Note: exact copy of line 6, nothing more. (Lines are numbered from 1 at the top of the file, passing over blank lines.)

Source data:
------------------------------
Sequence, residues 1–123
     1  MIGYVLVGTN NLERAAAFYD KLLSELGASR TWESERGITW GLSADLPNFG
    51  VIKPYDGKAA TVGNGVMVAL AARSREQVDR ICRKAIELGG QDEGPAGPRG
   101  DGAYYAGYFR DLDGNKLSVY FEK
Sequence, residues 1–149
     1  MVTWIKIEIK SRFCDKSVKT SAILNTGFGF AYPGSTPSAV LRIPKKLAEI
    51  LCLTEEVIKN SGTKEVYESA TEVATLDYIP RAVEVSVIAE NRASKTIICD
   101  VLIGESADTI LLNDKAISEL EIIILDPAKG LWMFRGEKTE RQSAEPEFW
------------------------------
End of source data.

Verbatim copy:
     1  MVTWIKIEIK SRFCDKSVKT SAILNTGFGF AYPGSTPSAV LRIPKKLAEI